Above-ground nuclear weapons tests were mostly this, especially later on. After a point, they weren't testing to see if it worked, or what it could do, they were just blowing stuff up for the sake of blowing stuff up. The higher-ups usually justified it as intimidating the filthy communists/capitalist pigs.
Tsar Bomba being a 50 megaton atomic bomb that the Russians let off during the Cold War... Could have been 100 megatons, but the Russians were concerned about fallout. They only made and detonated the one... Not practical to put on a plane I guess...
Ultimate example: The Big Bang!
Properly described, the Big Bang wasn't really an explosion at all, but more like a balloon swelling up at a steady rate. The phrase "Big Bang" was concocted by an advocate of the rival "steady state" cosmological theory, and was intended to poke fun at the notion that the universe arose from a single point's expansion. But the idea of all creation bursting forth from the mother-of-all-Bangs was so captivating that this trope supplanted the swelling-balloon image in popular culture.
Usually backronymed as 'Blast Levelling Everything Very Effectively'.
Grain elevator dust explosion, triggered by sparks from seized bearing.
The largest deliberate artifical non-nuclear explosions were the "Minor Scale" and "Misty Picture" ordnance tests, conducted by the United States government to gather data and test the resilience of military hardware against the sorts of blast and heat effects that could be caused by nuclear attacks.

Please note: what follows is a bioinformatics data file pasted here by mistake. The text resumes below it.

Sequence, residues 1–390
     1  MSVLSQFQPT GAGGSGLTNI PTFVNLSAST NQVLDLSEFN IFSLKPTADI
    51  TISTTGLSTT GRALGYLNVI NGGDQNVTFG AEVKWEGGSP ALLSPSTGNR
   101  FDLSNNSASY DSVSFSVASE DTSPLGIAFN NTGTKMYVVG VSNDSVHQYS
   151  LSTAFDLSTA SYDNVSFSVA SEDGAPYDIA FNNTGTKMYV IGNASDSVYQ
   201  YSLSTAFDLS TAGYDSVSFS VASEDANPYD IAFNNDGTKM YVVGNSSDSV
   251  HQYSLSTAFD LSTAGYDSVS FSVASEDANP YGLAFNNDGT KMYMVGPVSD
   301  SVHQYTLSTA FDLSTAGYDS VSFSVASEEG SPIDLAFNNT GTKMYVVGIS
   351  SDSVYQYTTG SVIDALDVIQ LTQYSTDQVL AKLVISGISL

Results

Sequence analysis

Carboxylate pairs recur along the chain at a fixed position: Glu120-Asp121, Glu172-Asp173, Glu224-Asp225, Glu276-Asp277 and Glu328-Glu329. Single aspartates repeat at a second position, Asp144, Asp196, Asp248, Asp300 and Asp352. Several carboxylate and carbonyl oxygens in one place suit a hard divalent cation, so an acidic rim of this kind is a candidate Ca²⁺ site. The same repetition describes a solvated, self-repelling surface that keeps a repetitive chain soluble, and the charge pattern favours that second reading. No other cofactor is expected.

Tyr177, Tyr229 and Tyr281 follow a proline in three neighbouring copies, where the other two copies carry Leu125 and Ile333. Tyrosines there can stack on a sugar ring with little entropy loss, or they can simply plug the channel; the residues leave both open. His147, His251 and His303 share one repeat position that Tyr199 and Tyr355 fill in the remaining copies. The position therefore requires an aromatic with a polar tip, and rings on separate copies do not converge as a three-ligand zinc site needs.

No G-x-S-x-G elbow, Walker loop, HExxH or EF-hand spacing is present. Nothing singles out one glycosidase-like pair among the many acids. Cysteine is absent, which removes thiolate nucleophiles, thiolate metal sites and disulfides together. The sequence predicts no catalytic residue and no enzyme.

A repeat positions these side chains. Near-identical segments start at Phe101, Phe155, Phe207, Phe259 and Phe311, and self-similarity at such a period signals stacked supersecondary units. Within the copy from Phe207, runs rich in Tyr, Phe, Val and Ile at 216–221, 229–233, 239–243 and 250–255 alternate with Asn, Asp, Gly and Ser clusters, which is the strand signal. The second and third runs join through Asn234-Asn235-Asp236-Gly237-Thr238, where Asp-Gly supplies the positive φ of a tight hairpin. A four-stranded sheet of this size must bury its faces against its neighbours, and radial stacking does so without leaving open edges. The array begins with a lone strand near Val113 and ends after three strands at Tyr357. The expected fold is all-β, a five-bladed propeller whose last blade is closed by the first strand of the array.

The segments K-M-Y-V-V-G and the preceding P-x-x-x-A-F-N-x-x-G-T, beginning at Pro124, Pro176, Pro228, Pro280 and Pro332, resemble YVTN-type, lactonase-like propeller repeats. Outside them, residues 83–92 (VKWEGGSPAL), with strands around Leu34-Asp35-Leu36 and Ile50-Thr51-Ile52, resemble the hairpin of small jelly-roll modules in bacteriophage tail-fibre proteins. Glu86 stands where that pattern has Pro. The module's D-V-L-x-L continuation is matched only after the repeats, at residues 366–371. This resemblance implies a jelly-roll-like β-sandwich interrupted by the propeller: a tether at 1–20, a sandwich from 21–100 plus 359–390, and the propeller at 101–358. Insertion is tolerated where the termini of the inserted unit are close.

In his book Project Orion, George Dyson says of his father who worked on Project Orion, Freeman Dyson, that physicists love explosions. He shares an anecdote about how when he was cooking breakfast on a gas oven, he accidentally turned the gas valve up too high, causing a flash of flame to burst out as his father was entering the room. Freeman's reaction was to say, "Oh good, an explosion!"
The largest artificial non-nuclear explosion in history was created by a Soviet N1 rocket, the launch vehicle for their equivalent of the Apollo Program. During its second launch, a fuel pump ingested a loose bolt and exploded inside the rocket. This set off a chain reaction that caused the rocket's engines to shut down, dropping it back onto the launchpad. The entire vehicle blew up on impact, destroying the launch tower along with it. The Soviets never did get an N1 into orbit.
Watch any documentary about the early days of NASA and you'll probably see a montage of several Vanguard and Atlas rockets blowing up, usually right after they're launched (fortunately, these were unmanned test flights). Reporters jokingly referred to such rockets as "Kaputnik" or "Stayputnik," a play on the Russian satellite Sputnik.